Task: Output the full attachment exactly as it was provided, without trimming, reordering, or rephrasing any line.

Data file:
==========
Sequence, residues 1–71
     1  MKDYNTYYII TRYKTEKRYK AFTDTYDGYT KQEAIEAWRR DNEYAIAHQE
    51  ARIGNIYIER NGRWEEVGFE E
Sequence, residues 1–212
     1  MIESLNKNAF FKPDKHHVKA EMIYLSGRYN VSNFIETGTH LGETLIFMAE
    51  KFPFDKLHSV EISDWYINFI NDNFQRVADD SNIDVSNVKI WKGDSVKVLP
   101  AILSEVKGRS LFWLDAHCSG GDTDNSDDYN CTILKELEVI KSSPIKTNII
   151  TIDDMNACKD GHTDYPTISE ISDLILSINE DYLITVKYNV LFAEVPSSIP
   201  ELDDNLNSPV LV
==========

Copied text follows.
Sequence, residues 1–71
     1  MKDYNTYYII TRYKTEKRYK AFTDTYDGYT KQEAIEAWRR DNEYAIAHQE
    51  ARIGNIYIER NGRWEEVGFE E
Sequence, residues 1–212
     1  MIESLNKNAF FKPDKHHVKA EMIYLSGRYN VSNFIETGTH LGETLIFMAE
    51  KFPFDKLHSV EISDWYINFI NDNFQRVADD SNIDVSNVKI WKGDSVKVLP
   101  AILSEVKGRS LFWLDAHCSG GDTDNSDDYN CTILKELEVI KSSPIKTNII
   151  TIDDMNACKD GHTDYPTISE ISDLILSINE DYLITVKYNV LFAEVPSSIP
   201  ELDDNLNSPV LV